A24 has become a boutique distribution leader with extremely well-targeted releases of highly-creative, auteur-driven indie films, including Moonlight, American Honey, The Witch, The Lobster and Green Room. A24 has been successful in elevating these films beyond a niche audience. I’m very curious as to what they will do with Menashe, the father-son drama set in the Hasidic community, which was picked up at Sundance.
Of course, with more independent films being recognized by the Academy, buyers are hoping they’ve bet on Oscar’s next darling. (Mudbound and Call Me By Your Name are two titles garnering a lot of Oscar buzz). While this may be the most inclusive year in Oscar’s 89-year history, there is still a shortage of women being nominated in key categories, such as screenplay and directing.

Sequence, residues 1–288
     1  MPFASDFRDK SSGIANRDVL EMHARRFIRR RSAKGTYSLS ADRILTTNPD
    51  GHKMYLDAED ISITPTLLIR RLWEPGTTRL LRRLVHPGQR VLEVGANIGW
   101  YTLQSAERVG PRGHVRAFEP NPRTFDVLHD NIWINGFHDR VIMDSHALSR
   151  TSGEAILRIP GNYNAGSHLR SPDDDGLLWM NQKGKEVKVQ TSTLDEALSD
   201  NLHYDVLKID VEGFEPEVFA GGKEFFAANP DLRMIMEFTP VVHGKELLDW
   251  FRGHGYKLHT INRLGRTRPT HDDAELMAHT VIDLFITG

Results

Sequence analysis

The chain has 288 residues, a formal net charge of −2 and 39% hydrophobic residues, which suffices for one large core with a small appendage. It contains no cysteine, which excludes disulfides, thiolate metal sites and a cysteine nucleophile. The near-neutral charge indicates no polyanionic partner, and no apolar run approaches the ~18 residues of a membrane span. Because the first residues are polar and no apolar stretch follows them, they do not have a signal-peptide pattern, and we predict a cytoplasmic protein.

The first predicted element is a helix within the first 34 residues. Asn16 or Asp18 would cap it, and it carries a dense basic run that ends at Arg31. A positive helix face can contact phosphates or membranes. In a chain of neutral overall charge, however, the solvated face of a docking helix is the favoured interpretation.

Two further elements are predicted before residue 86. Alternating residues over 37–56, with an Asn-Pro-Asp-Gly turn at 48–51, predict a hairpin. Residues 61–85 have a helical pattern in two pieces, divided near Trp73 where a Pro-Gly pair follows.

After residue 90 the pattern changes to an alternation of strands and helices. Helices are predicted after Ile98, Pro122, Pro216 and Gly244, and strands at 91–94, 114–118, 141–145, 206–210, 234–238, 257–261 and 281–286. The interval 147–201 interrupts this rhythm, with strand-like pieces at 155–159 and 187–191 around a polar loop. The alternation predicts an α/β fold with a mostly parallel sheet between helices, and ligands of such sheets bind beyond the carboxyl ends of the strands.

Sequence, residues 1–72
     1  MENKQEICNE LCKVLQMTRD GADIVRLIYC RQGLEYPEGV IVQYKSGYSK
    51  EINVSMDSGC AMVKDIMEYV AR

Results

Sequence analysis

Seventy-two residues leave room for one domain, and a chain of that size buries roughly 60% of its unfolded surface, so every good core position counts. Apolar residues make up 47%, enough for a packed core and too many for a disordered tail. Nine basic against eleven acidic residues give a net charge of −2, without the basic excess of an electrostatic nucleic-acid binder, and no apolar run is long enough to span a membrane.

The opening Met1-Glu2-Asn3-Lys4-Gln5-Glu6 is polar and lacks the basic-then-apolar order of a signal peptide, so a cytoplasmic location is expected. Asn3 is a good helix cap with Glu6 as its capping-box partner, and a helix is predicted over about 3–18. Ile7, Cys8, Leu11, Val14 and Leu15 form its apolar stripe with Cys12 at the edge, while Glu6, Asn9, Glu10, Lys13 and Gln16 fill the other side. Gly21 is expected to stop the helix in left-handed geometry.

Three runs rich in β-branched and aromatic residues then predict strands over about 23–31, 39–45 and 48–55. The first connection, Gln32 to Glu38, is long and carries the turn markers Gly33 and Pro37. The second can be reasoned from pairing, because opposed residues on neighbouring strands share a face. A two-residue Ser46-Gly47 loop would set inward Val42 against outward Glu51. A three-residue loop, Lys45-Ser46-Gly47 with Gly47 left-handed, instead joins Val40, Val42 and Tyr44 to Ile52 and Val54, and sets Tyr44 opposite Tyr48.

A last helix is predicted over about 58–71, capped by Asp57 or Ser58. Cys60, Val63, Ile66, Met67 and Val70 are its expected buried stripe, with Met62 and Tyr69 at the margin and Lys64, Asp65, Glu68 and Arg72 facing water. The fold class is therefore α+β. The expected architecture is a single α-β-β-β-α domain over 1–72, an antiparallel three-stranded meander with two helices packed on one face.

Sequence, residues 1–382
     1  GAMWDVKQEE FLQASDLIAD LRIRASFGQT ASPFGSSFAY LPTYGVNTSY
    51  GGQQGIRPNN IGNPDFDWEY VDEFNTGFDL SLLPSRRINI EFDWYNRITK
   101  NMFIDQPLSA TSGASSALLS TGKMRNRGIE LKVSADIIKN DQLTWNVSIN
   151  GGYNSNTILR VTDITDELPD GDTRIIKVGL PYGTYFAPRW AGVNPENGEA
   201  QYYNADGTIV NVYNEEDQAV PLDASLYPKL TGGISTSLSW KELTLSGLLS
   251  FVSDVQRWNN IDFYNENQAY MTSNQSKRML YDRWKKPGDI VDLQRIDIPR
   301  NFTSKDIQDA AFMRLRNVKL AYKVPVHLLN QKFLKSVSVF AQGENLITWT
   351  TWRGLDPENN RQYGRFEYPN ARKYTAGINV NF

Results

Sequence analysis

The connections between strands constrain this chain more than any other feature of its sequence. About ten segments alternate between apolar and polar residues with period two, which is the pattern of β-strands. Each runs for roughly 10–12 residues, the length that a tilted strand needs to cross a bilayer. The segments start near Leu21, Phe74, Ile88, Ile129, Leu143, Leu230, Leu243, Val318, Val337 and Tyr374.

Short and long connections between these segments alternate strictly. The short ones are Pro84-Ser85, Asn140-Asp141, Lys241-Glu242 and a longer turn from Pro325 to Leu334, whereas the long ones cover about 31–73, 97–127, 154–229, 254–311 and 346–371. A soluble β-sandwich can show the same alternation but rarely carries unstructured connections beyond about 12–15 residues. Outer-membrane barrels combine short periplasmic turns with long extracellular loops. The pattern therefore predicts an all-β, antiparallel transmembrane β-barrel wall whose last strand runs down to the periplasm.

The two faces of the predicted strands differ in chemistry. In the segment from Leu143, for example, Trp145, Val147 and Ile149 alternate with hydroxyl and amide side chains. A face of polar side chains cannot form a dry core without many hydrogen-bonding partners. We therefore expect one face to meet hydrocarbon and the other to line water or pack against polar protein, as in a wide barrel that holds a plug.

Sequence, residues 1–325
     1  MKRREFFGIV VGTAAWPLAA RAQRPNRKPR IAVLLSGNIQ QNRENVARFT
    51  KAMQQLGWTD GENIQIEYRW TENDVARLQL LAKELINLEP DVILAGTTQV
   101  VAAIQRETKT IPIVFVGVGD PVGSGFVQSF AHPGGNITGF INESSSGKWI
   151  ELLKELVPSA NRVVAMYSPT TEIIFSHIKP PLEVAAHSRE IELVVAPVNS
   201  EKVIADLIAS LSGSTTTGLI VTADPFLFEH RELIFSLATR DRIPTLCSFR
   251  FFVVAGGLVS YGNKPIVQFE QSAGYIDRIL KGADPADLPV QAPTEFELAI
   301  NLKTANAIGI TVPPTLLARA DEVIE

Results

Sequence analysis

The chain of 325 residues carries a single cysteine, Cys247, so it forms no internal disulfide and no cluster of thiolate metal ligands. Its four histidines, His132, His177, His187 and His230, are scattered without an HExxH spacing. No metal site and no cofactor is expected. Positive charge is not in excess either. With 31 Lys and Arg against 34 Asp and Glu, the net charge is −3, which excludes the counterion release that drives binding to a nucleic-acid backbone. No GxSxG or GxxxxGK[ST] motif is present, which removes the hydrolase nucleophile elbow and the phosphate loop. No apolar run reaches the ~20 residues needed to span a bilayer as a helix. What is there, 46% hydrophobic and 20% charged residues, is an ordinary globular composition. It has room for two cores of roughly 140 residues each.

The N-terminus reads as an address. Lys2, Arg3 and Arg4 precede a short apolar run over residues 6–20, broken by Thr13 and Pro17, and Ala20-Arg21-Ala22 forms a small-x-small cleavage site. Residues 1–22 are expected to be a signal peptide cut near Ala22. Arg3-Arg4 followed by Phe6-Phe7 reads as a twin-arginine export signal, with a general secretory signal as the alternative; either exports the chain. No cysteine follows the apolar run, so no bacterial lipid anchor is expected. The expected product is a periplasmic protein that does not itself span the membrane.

Gender Parity Still Falls Short
With data confirming a widening gender gap in film, many leading institutions such as the British Film Institute, Screen Australia, the NFB and Telefilm Canada have followed the Swedish Film Institute’s lead by committing to 50/50 gender representation by 2020. WIF and Sundance’s newly formed ReFrame also launched an initiative asking studios to commit to a balanced gender representation.
Although the data shows that we still have a long way to go in achieving gender parity, Sundance left me feeling very hopeful about the next wave of female talent. The female horror anthology, XX, which included a Canadian segment, garnered lots of attention, as did a slew of beautiful female-driven features from Eliza Hittman’s Beach Rats to Margaret Betts’ Novitiate and Dee Rees’ follow-up to Pariah, Mudbound.